Welcome to “Voices,” a new feature on the Springboard blog. Listen in as subject matter experts talk about best practices and trends in their discipline in our monthly Q&A interview.

This month we examine market research for the B2B world with Janese Evans, a research and creativity professional with Strategic Toolbox.

Q:    What’s the ideal role for market research in a B2B organization?

A:    Market research is all about managing the risk in decision-making. It gives you perspective. It lets you test ideas in the marketplace, helps you set priorities, and be more relevant to your customers. In the end, it’s all about having a mix of tools to make informed and conscious decisions, to have confidence in the answers.

Q:    Are there certain times, or triggering events, where research becomes more critical for a B2B organization?

A:    Research can make a big impact whenever you’re making changes. For example, if your organization, or your product or service has changed, or if you’re experiencing changes in your market place. Research lets you keep a pulse on yourself, your customers and your competition.

Q:    What do you love about market research?

A:    I love that if you do it well, it makes a difference. It starts by figuring out how much you don’t know and at the end, having the answers. I love that when a customer is facing chaos, I can help them step back and see the patterns. What starts out as a mystery transforms into something that’s full of clear patterns.

Q:    What’s the first step for a B2B marketer who’s considering market research?

A:    First, figure out where the gaps are in your knowledge. What do you wish you knew? What questions need answers? Then, think about what you would do if you knew the answers. How would that information impact your actions or affect your strategy?

Q:    What are some of the differences between conducting market research in-house versus outsourcing?

A:    An external firm or consultant will bring many things, but the biggest advantage is having an independent and objective point of view; bringing fairness and credibility to the research. My role is to present a “sanity check” that’s not the company perspective.

An independent researcher also adds value to the development of questions. Everything you ask leads to the next thing. There are good and bad ways to word questions, types of scales to use, benchmarks and biases that go along with the process, and a trained researcher can guide the organization to the best results.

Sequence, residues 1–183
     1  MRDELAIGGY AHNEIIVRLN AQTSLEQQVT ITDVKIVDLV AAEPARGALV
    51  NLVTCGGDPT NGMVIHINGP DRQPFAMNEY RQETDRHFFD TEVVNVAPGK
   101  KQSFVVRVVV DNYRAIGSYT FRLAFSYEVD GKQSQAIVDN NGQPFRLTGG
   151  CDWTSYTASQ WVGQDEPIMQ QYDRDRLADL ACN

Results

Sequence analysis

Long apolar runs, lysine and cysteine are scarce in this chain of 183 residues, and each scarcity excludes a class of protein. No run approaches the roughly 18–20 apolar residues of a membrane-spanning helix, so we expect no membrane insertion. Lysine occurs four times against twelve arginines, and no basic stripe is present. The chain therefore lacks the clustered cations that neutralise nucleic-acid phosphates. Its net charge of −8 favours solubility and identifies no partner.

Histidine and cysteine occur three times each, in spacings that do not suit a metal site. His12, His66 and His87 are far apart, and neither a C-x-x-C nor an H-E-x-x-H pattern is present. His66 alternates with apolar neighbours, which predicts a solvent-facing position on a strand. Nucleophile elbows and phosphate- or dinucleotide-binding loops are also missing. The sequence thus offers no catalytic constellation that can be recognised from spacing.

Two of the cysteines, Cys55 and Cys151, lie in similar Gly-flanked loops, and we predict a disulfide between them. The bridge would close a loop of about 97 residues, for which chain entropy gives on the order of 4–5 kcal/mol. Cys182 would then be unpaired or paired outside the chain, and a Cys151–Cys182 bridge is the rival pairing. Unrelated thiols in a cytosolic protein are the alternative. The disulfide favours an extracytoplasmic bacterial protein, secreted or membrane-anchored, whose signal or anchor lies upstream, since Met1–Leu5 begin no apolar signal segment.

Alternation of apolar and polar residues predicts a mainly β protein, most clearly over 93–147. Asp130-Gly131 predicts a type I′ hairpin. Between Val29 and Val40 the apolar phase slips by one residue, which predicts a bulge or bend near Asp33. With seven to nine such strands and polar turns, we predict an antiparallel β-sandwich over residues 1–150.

Q:    Our resources don’t always allow us to conduct as much research as we’d like. Where do you recommend that B2B organizations focus their efforts if resources are limited?

A:    If you can only do one project, the place to start is customer research. Understand your point of difference, and hear it in the customer’s own words. Positioning work is also very important, and those studies are about understanding what you stand for. Is your brand and message relevant, compelling, differentiated and believable? It’s incredibly valuable to know what you own in the mind of your customer and the market.

Q:    On the flip side, are there times when it doesn’t make sense to invest in research?

A:    Oh yes! I talk people out of research all the time. If you know what you want to do already, and you don’t see the decision as a risk, then research becomes unnecessary. Or, if you’re in an organization where for some reason, no one will act on the findings. For example, if you conduct a study, and the results are the clear, but there’s no interest or commitment in the organization to make a change, then the research becomes merely nice to know, but not essential.

Q:    How has the Internet changed market research?

A:    I think it makes research more accessible. The good in that is the overall acceptance. The challenge is that a lot of it is poorly done or misleading. Any research, including Internet-based research, is still about matching your target population to the best technique to reach them. Representative sampling remains the challenge.

Q:    What other trends are you seeing?

A:    Our switch from landlines to cell phones, which have unpublished numbers, is changing the field dramatically. It’s harder to get nationally representative, balanced samples for studies. There are also certain populations that are hard to reach through email.

About:  Janese Evans is a research and creativity professional and Principal of Strategic Toolbox, a resource for results-oriented ideation, meeting facilitation and market research. Using a unique skillset that combines the disciplines of creativity, strategic thinking and data insight, Strategic Toolbox helps agencies and organizations move forward, uncover solutions in reams of data and tap into the best thinking of creative teams.

Learn more at:  www.strategictoolbox.com |  jevans@strategictoolbox.com  |  763.551.1710